Federal Regulators Should Reject AMC-Carmike Deal

  November 28, 2016   Op-Ed Columns

Op-ed column originally published at TheHill.com

By Richard Berman

Lost in the Election Day shuffle, America is about to have a new leader in movie theaters.

Earlier this month, the shareholders of Carmike Cinemas—the fourth largest movie theater operator in the United States—approved a deal to sell the company to AMC Entertainment for $1.2 billion. The merger will make AMC the largest movie theater chain in the country with 8,380 screens in more than 600 cinemas nationwide. With it, the company gains access to 20 percent of America’s moviegoing audience.As the deal awaits Department of Justice approval, federal regulators would be wise to reject it.

The underlying concern lies not on anti-trust grounds, but rather AMC’s ownership. Since 2012, the company has been controlled by Dalian Wanda, a Chinese firm closely aligned to the China’s Communist Party. While Wanda appears to be a private company far removed from Communist policymaking, the company’s founder and chairman, Wang Jianlin, is a former Communist deputy who served in the People’s Liberation Army for almost two decades. He claims to “stay close to the [Chinese] government,” steering over $1 billion in state subsidies from the Communist Party—which has vowed to “build its capacity in international communication”—to Wanda, Beijing’s foot soldier on the ground. (The heavy subsidization is expected from a country that invests $10 billion annually in external propaganda.) Wang has sold company stakes to relatives of some of China’s most powerful politicians and business executives, including the business partner of former Prime Minister Wen Jiabao’s daughter and relatives of two members of the Politburo—the Communist Party’s principal policymaking committee.

Wang’s Wanda sees high-dollar mergers and acquisitions as an avenue to accumulate soft power, which the Chinese government can leverage to influence American public opinion. Consider that, when the company acquired the film studio Legendary Entertainment for $3.5 billion earlier this year, it praised China’s “largest cross-border cultural acquisition to date.” Nowhere did Wanda mention buttered popcorn and soda sales.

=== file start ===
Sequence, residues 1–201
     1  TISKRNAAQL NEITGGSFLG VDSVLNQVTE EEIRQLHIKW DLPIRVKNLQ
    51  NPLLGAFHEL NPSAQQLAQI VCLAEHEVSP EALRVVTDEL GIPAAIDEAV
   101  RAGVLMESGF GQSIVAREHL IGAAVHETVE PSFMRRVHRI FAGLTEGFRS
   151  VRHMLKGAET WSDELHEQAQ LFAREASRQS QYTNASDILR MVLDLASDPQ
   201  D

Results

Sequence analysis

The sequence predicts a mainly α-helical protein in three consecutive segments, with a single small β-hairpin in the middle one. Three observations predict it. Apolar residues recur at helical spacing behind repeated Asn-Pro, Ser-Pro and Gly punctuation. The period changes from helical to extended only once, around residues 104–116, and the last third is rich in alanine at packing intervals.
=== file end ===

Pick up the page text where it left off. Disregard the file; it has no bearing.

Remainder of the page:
The Legendary deal grants Wanda a greater say in the movie business, allowing it to promote scripts supportive of the Chinese government’s foreign policy agenda. This is already happening. Prior to completion, Pixels—the 2015 action-comedy flick—initially depicted aliens blasting a hole in the Great Wall, but the scene was removed entirely from the final version of the movie. Producers “spared the Great Wall because they were anxious to get the movie approved for release in China.” Similarly, the 2012 remake of Red Dawn originally featured Chinese soldiers invading an American town, yet producers changed the invaders into North Koreans pre-release anticipating a formal complaint from Beijing.

Wanda’s larger stake in American film studios exacerbates the issue. Even worse, the takeover of movie distribution channels—AMC’s newly acquired 8,380-screen behemoth—gifts the company another mechanism with which to determine what gets shown in the U.S. Wang’s firm could block a “controversial” movie—that is, one critical of the Communist Party—from being shown at its cinemas. This means that moviegoers might be hard-pressed to see American military flicks favorably portrayed or positive images of the Dalai Lama.

It’s not a stretch. Wanda recently bankrolled Southpaw’s $25 million production budget, becoming the first Chinese firm to “solely finance an American movie.” And it left fingerprints everywhere. According to David Glasser, who helped produce and market the film, “(Wanda was) involved—it wasn’t just a silent investment.” Glasser went even further: “They were on the set and involved in production, postproduction, marketing, everything.”

As Wang proudly admits, “AMC’s boss is Chinese, so more Chinese films should be in their theaters where possible.” While AMC’s U.S. management team claims that “Wanda does not participate in any of the day-to-day running of AMC,” Wang’s public comments suggest otherwise.

That fact alone should terrify Washington, D.C.

More Updates

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  • China Film Insider: Recon Buys Majority Stake in Millennium Films for $100 Million
  • The Wrap: Dick Clark Productions Sale to Dalian Wanda is Dead